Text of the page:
Norway's new troop contribution to the NATO peacekeeping mission in Afghanistan increases its chance of becoming a victim of jihadist terrorism, says a new police intelligence report.
Norway's decision to increase its troop presence in Afghanistan is a key reason the country is at risk of a jihadist attack, according to a report released by its Police Security Service (PST).
According to the International Herald Tribune , Norway plans to send more troops to the NATO force in Afghanistan. The new deployment will bring Norway's troop contribution to about 700, including special forces.
Regarding the report, Reuters says :
In its summary released Tuesday the Norwegian Police Security Service agency said the threat to Norway, which has so far been spared serious terror attacks at home, has to be seen in a European perspective. It said increased radicalization in Norway "makes the threat picture less predictable" than is used to be.
The agency said the most common contribution to possible terrorism by people in Norway is likely to remain funding of extremists abroad.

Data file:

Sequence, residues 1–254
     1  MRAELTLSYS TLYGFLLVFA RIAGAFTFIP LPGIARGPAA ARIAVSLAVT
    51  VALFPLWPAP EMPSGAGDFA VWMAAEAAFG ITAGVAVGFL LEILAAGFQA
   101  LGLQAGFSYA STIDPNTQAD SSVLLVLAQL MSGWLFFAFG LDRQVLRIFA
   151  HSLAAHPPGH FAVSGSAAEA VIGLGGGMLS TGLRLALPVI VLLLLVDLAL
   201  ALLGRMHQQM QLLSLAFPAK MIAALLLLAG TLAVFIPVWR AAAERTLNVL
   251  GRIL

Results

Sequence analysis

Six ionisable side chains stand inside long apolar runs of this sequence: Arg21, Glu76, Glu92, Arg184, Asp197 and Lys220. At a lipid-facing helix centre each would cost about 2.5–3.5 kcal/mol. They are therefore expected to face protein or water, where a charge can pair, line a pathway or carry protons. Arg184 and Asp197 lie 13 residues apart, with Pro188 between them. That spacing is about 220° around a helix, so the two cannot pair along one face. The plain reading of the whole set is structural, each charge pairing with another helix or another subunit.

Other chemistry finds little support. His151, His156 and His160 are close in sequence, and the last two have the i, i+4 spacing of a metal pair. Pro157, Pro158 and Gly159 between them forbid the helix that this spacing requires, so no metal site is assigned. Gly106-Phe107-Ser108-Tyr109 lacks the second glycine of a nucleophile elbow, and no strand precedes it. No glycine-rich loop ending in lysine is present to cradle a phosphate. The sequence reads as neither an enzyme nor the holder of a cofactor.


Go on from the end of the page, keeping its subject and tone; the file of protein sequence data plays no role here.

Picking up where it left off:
Still, the report fears radicalization may push past the contribution phase and into acts of homegrown terrorism as local terrorist cells "quickly develop 'operative intention and capacity.'"
The Nordic country has already experienced violence in Afghanistan associated with its participation in the NATO peacekeeping mission. A month ago, a suicide raid at a hotel in Kabul killed a Norwegian journalist. Norway's foreign minister was also there, but IHT says he didn't feel he was the target of the attack.
On February 10, Norway closed its embassy in Kabul and, according to Norwegian media, its diplomats went into hiding due to a terrorist threat against its diplomatic station.
Government officials said yesterday that the streets where government ministries reside will be closed in response to the threats detailed in the PST report.